Murdoch Stephens started the ‘Doing Our Bit’ campaign to double New Zealand’s refugee quota in June 2013. In this lecture hosted by the Public Policy Institute, he discusses the issue of refugees, resettlement, and campaigning, looking at the projection of refugees as a ‘burden without end’ on the hosting country, untangling some of the psychological determinants that will always see refugees as a cost. Through an examination of the democratic institutions relevant to campaigns for social change, he provides a potted history of his campaign’s move from the radical fringes to a mainstream position where it has been embraced by a wide array of individuals and institutions. Stephens questions whether those who oppose increasing the quota do so in opposition to the principle of doing our fair share, or whether there are issues of capacity that require innovative thinking and solutions, and where, in the current context, might those solutions come from.
Murdoch Stephens (Massey University) has written on refugee issues for Fair Borders? (edited by David Hall, Bridget Williams Books) and Forced Migration Review.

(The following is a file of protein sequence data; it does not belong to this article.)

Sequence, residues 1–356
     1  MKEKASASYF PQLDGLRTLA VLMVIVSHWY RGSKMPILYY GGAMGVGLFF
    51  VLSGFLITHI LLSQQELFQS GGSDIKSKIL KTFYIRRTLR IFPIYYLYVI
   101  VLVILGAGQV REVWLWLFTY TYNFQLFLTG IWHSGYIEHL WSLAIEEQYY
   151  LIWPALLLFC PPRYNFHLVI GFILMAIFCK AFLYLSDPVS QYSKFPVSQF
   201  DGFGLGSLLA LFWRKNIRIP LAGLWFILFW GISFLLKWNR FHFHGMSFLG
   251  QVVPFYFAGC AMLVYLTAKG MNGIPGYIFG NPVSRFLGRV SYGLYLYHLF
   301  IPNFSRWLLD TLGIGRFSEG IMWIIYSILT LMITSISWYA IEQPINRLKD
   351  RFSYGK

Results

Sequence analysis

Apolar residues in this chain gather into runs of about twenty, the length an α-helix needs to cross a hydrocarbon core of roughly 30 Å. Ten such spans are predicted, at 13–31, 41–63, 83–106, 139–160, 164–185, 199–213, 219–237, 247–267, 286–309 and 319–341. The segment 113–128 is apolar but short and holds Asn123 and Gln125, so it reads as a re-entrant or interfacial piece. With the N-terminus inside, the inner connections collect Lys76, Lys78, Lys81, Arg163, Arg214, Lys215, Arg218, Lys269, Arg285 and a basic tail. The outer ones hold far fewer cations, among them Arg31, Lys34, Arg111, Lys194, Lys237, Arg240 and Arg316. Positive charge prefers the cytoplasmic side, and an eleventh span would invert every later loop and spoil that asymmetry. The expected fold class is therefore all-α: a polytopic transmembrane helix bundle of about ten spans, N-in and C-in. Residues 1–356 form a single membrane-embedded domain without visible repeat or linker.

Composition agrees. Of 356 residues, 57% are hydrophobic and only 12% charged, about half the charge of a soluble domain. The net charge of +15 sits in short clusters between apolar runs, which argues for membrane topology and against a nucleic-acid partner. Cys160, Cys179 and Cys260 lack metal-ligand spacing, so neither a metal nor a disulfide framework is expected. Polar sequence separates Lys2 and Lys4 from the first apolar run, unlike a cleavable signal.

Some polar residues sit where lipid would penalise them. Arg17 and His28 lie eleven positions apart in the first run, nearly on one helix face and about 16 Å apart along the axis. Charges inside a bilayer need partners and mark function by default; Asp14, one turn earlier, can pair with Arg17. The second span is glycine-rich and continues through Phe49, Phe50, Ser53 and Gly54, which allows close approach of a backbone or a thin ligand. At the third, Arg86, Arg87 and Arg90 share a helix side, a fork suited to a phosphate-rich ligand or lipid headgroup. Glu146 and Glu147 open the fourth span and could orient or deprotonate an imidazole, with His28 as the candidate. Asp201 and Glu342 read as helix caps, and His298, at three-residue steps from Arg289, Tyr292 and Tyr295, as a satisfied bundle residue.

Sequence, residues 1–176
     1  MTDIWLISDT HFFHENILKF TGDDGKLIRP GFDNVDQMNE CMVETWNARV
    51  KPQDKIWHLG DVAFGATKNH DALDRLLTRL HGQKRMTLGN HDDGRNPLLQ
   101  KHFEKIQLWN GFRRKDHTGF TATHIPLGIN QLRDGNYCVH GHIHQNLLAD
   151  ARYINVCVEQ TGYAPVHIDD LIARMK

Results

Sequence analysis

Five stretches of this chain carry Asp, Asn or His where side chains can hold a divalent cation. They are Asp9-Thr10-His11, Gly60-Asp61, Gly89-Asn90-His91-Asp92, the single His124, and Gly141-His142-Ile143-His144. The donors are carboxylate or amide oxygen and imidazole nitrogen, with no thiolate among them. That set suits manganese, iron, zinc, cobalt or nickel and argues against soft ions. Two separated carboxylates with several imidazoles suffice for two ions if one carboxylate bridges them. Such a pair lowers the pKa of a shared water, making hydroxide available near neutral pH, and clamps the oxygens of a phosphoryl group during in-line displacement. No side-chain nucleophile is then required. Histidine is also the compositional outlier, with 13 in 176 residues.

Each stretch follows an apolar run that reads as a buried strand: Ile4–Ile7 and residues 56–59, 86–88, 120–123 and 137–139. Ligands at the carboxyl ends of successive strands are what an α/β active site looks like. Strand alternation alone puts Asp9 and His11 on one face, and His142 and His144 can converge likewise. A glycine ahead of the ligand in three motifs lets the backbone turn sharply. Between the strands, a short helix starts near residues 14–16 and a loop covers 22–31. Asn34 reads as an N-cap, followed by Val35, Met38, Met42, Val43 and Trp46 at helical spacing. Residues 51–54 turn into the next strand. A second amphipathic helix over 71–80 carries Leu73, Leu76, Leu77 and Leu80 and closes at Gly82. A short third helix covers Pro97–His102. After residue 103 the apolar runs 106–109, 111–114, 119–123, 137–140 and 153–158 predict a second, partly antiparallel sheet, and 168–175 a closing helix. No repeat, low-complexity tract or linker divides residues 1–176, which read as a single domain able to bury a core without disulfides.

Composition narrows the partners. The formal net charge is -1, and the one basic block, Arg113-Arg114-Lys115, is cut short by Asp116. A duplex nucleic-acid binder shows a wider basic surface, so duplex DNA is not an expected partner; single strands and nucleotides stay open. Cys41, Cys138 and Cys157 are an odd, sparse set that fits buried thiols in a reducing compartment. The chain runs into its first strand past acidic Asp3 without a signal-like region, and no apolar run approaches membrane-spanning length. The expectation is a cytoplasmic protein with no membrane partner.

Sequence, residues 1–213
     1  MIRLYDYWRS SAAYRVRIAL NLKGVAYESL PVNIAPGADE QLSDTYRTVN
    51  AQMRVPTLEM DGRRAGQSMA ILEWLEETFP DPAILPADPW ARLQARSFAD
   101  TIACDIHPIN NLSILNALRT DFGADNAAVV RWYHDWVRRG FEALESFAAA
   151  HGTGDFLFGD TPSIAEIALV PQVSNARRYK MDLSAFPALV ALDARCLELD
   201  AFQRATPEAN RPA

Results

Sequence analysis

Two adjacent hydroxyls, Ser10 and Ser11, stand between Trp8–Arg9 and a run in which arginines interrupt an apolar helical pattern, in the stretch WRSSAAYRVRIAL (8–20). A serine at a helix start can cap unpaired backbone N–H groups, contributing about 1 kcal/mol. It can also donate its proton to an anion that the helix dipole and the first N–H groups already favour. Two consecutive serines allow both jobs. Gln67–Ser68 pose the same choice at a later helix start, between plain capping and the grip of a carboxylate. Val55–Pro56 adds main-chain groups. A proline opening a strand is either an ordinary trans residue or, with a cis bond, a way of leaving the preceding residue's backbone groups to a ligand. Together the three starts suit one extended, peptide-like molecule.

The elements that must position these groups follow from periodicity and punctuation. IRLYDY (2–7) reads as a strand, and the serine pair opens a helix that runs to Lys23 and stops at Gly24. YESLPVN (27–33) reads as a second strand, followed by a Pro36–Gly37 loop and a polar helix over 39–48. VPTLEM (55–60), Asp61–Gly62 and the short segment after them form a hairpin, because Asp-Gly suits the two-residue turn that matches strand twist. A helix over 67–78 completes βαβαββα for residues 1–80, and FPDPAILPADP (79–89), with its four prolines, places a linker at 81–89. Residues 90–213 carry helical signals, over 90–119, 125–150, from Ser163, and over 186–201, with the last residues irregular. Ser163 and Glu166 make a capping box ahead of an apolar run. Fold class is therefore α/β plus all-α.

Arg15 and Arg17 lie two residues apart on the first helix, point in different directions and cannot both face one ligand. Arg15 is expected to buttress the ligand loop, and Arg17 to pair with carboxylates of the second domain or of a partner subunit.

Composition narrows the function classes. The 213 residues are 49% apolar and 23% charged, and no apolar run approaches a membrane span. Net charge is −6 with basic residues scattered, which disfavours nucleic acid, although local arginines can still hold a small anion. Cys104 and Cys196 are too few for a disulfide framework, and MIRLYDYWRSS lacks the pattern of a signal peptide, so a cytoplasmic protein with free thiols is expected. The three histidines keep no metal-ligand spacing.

Associate Professor Louise Humpage (Sociology, University of Auckland). Her research focuses on refugee policy and settlement, and citizenship and national identity.
Associate Professor Jay Marlowe (Social Work Department, University of Auckland). His research engages with refugee settlement and social inclusion.
Dr Anna Hood (Faculty of Law, University of Auckland). She teaches in the area of immigration and refugee law and researches international law and security.
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Disclaimer: The ideas expressed in this panel discussion reflect the views of the guests and not necessarily the views of The Big Q.